Skip to main content

The Globe and Mail

Roman Seleznev: Criminal hacker or diplomatic bargaining chip?

Valery Seleznev, a prominent Russian lawmaker and the father of Roman Seleznev, insists that his son is not a hacker.

Alexander Zemlianichenko/Associated Press

Overseas vacations have not been good for Roman Seleznev.

The son of a prominent Russian parliamentarian, Mr. Seleznev was visiting Morocco with his mother three years ago when a bomb blew up in a tourist café in the old quarters of Marrakesh, killing17 people and injuring him seriously.

Then, a week ago, Mr. Seleznev was holidaying with his girlfriend and his daughter in the Maldives, in the Indian Ocean, when U.S. Secret Service agents grabbed him and flew him to the island of Guam, an American territory in the Pacific, to face 29 criminal charges.

Story continues below advertisement

The United States alleges that the 30-year-old Mr. Seleznev is a hacker who planted malicious software into the point-of-sale computers of several American retailers to steal information from more than 200,000 credit cards, then resold the data online.

The affair is now turning into a diplomatic row between the United States and Russia.

Mr. Seleznev's father, Valery, is a member of Vladimir Zhirinovsky's far-right Liberal Democratic Party.

In a press conference in Moscow Friday, the elder Mr. Seleznev said his son couldn't be a hacker because he knew "nothing about these new technologies" and had suffered brain damage from the Moroccan bomb attack.

He said his son would die soon without medical help, Agence France-Presse reported. "If he does not take it [medication] for three, five days at the most, then … he would die and die very soon," he said.

His son's girlfriend, Anna Otisko, told the press conference that the trip to the Maldives, which was a luxury for them, ended abruptly when unknown men took him away by force, The Associated Press reported.

The Russian Foreign Ministry said Mr. Seleznev's arrest was a de facto kidnapping.

Story continues below advertisement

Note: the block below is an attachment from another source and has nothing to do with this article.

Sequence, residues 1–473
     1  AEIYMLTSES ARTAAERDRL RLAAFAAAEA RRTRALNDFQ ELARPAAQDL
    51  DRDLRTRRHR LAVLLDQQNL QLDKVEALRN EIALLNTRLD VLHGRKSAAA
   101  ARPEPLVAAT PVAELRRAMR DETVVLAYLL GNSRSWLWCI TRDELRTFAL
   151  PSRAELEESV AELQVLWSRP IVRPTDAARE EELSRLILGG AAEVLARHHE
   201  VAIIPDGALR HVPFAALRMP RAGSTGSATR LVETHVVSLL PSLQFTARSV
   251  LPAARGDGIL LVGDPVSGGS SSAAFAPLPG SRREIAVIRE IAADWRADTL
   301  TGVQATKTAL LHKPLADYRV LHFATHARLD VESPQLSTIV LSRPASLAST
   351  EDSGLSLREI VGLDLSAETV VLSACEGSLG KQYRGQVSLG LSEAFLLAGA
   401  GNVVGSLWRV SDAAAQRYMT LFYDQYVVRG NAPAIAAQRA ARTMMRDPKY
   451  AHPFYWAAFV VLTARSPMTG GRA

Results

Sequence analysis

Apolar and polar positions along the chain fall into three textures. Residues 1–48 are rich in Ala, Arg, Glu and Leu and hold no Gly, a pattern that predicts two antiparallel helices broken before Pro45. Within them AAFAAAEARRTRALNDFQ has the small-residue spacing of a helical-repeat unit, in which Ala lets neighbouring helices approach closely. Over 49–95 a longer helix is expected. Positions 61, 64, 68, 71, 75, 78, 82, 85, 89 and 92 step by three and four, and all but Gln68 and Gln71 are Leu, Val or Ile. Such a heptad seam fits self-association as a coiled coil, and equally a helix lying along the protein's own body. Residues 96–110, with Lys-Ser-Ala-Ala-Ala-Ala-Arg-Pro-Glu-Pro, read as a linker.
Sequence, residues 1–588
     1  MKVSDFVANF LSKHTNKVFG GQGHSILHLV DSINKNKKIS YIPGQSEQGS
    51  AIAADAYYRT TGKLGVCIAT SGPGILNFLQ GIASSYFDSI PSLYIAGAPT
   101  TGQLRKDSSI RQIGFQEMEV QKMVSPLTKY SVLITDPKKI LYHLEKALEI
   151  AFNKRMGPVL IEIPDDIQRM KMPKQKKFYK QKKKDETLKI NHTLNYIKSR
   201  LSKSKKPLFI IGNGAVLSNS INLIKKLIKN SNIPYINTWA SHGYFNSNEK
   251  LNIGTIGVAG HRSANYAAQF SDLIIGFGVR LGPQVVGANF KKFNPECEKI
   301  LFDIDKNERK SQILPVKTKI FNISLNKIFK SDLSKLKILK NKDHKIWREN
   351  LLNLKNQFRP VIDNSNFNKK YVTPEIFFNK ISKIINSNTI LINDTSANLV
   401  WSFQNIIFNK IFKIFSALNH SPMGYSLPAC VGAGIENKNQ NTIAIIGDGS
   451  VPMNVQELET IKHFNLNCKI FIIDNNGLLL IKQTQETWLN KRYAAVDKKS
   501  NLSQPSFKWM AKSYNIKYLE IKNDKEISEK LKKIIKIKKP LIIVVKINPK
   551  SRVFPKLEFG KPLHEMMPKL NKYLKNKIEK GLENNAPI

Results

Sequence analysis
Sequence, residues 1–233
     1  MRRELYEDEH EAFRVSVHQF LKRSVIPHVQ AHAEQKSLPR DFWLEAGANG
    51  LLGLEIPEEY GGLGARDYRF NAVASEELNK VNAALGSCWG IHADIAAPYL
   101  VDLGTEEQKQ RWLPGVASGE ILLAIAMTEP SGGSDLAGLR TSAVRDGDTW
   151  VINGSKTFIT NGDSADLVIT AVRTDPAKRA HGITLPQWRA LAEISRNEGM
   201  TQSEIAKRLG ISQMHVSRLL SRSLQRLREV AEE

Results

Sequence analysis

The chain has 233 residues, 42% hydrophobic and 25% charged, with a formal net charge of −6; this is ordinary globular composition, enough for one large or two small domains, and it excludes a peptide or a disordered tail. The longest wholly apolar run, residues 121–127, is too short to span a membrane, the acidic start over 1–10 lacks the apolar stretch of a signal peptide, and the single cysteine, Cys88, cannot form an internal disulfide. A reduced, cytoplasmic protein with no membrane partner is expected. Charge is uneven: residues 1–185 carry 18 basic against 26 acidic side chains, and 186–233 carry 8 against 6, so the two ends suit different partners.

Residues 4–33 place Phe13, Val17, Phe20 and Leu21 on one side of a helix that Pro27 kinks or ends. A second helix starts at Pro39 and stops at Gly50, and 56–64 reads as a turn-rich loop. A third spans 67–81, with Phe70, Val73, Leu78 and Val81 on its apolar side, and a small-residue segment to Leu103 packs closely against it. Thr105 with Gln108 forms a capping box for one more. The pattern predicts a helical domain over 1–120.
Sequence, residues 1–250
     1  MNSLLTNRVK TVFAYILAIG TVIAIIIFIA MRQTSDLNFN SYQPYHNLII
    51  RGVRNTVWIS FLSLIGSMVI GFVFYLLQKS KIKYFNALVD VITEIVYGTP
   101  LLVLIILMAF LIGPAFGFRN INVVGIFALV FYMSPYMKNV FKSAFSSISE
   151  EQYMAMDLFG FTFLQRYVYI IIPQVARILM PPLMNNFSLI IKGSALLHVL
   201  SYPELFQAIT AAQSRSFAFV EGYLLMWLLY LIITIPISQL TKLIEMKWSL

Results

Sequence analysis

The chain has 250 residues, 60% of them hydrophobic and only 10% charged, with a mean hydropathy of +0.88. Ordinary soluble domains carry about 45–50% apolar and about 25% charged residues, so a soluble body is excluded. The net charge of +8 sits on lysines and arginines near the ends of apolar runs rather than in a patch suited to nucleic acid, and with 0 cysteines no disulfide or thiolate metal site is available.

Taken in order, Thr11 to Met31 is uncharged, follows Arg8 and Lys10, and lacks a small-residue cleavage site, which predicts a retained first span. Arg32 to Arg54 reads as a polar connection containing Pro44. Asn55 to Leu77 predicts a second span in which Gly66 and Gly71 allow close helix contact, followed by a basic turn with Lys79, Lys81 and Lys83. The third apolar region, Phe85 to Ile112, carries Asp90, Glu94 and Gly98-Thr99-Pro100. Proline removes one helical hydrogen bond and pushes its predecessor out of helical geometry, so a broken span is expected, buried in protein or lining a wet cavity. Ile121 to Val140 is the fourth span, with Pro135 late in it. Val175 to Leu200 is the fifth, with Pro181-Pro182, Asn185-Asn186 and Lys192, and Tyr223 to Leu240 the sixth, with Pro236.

"We regard this as an unfriendly move by Washington," the Russian Foreign Ministry said in a communiqué that stated that Mr. Seleznev was waiting for a flight to Moscow at the Ibrahim Nasir International Airport in the Maldives capital of Male on Sunday when U.S. agents bundled him into a private plane bound for Guam.

The communiqué compared Mr. Seleznev's predicament to the cases of two other Russian nationals, Viktor Bout and Konstantin Yaroshenko, who were also intercepted in third countries and extradited to the United States to face criminal charges.

In a separate travel advisory, the ministry cautioned Russian citizens from travelling to countries that have extradition agreements with the United States if they suspect that American law enforcement has some claims against them.

The advisory also warned that the American justice system is biased against Russians, who usually end with long prison terms when tried in the United States.

According to documents filed at the Hagatna courthouse in Guam, Mr. Seleznev was formally put under arrest on the island in the early-morning hours of Sunday. The following day, he appeared in Guam district court with a Russian-language interpreter and was remanded into custody until a hearing July 22.

Prosecutors are seeking a court order to transfer him to Seattle.

Story continues below advertisement